Q. What are cruciferous vegetables?
A. Cruciferous vegetables such as broccoli, Brussels sprouts, and cauliflower, are members of the cabbage family; they get their name from their four-petaled flowers, which look like a crucifer, or cross. Other cruciferous vegetables include arugula, bok choy, collards, kale, mustard greens, rutabaga, turnip greens, and watercress.
You can smooth out the strong flavors of cruciferous vegetables by serving them with an assertive garnish, such as a few drops of toasted sesame seed oil or extra-virgin olive oil that can be plain or flavored with lemon, garlic, herbs, or chili pepper.
Or try sprinkling of balsamic vinegar, citrus juice, low-sodium soy sauce, or other seasonings such as garlic, cumin, coriander, ginger, or anise.
You can also make a simple glaze by mixing together in a blender 1/4 cup balsamic vinegar, 1 tablespoon honey, 1 teaspoon minced garlic, 1 teaspoon minced fresh ginger, 1 teaspoon extra-virgin olive oil, 1 small seeded, chopped tomato; and salt and black pepper to taste.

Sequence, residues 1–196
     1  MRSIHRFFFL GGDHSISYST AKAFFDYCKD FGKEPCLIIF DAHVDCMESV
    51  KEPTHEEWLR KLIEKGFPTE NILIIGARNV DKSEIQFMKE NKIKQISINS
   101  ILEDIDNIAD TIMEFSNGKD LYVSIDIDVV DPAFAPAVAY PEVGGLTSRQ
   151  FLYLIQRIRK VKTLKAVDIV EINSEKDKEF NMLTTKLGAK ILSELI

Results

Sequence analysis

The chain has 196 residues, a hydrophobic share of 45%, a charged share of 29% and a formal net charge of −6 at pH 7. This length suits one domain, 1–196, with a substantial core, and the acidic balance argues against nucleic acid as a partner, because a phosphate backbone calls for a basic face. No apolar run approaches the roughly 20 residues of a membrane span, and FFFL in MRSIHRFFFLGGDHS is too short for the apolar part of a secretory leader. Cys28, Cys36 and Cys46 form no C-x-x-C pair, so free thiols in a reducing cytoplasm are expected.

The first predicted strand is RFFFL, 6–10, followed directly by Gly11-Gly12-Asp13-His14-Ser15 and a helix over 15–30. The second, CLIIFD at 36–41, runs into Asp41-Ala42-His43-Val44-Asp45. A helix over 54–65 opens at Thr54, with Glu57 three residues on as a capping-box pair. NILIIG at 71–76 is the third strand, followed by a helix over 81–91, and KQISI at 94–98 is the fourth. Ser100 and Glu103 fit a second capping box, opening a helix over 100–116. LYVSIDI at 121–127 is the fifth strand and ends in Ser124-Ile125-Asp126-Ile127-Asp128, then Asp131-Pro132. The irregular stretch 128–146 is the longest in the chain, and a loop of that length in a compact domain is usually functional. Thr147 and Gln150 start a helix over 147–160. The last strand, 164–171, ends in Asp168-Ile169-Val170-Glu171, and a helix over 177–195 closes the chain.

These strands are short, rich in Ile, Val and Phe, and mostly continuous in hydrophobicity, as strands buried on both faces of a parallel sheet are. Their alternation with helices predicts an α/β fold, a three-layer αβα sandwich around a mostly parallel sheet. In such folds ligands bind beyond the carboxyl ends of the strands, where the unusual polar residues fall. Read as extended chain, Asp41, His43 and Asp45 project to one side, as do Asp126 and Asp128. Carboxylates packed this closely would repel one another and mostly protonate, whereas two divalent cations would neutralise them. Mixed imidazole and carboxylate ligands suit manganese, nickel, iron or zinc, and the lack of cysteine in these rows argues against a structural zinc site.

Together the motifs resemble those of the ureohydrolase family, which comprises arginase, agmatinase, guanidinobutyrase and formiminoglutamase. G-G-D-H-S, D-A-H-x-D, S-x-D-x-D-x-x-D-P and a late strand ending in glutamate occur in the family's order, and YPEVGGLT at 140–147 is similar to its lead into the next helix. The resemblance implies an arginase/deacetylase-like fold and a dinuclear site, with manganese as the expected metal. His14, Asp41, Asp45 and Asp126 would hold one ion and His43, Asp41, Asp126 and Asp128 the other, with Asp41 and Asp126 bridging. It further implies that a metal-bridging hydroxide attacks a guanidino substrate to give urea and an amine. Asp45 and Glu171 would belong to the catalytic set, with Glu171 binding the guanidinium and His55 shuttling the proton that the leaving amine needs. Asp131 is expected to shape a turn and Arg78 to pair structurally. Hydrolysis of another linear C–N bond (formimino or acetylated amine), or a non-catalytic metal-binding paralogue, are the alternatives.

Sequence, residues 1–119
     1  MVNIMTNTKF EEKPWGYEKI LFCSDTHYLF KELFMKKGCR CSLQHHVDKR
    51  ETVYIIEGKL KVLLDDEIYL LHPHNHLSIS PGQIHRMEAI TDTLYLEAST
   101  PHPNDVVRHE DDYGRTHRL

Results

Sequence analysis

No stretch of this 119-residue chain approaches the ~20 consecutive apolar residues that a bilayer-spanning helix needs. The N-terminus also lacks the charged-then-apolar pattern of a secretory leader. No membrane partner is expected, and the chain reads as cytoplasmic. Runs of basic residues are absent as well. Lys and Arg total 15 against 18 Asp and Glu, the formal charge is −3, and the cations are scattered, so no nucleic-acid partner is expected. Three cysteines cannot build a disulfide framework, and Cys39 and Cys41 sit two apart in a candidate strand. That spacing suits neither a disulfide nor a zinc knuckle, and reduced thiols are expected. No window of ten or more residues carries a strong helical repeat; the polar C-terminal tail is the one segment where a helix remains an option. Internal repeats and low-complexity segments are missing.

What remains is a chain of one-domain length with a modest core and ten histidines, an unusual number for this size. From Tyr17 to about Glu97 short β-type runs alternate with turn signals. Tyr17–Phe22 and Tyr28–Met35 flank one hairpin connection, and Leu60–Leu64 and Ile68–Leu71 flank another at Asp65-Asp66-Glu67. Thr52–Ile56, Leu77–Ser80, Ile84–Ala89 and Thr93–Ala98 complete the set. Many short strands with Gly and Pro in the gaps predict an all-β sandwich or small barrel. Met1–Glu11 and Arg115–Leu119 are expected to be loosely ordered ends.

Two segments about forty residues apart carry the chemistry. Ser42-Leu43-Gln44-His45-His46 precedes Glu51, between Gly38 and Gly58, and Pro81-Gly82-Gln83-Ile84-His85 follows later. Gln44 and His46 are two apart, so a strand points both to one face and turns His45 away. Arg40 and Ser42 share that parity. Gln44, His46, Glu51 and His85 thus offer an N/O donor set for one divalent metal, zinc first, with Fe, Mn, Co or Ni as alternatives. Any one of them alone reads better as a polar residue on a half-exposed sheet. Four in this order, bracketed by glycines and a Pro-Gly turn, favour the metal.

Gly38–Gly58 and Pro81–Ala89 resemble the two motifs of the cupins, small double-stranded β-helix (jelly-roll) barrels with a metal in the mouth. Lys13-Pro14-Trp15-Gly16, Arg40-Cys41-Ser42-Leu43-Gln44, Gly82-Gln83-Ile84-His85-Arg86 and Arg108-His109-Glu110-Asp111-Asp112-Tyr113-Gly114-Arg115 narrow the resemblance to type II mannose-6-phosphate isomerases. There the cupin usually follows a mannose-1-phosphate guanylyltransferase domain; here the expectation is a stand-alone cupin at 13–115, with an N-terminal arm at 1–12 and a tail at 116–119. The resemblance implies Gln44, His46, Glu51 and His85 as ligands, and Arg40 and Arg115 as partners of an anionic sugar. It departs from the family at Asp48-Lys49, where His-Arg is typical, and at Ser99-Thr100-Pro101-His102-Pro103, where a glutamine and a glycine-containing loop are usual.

Bring the mixture to a boil in a saucepan and cook until it's slightly syrupy, about 3 to 4 minutes. One tablespoon of the glaze contains 22 calories, less than 1 gram of total fat (0 saturated fat), 4 grams carbohydrate, no protein or fiber and 2 milligrams of sodium, and is a free food exchange.
Use your vegetables within three to four days of purchase. Long storage makes assertive flavors stronger. Until then, store them unwashed in the vegetable crisper of the refrigerator, loosely wrapped in perforated plastic bags.
- How Phytochemicals Work
- Vitamins In-Depth: Phytochemicals
- Natural Weight-Loss Food: Kale
- A Guide to Supplements for Seniors: Phytonutrient Supplements for Seniors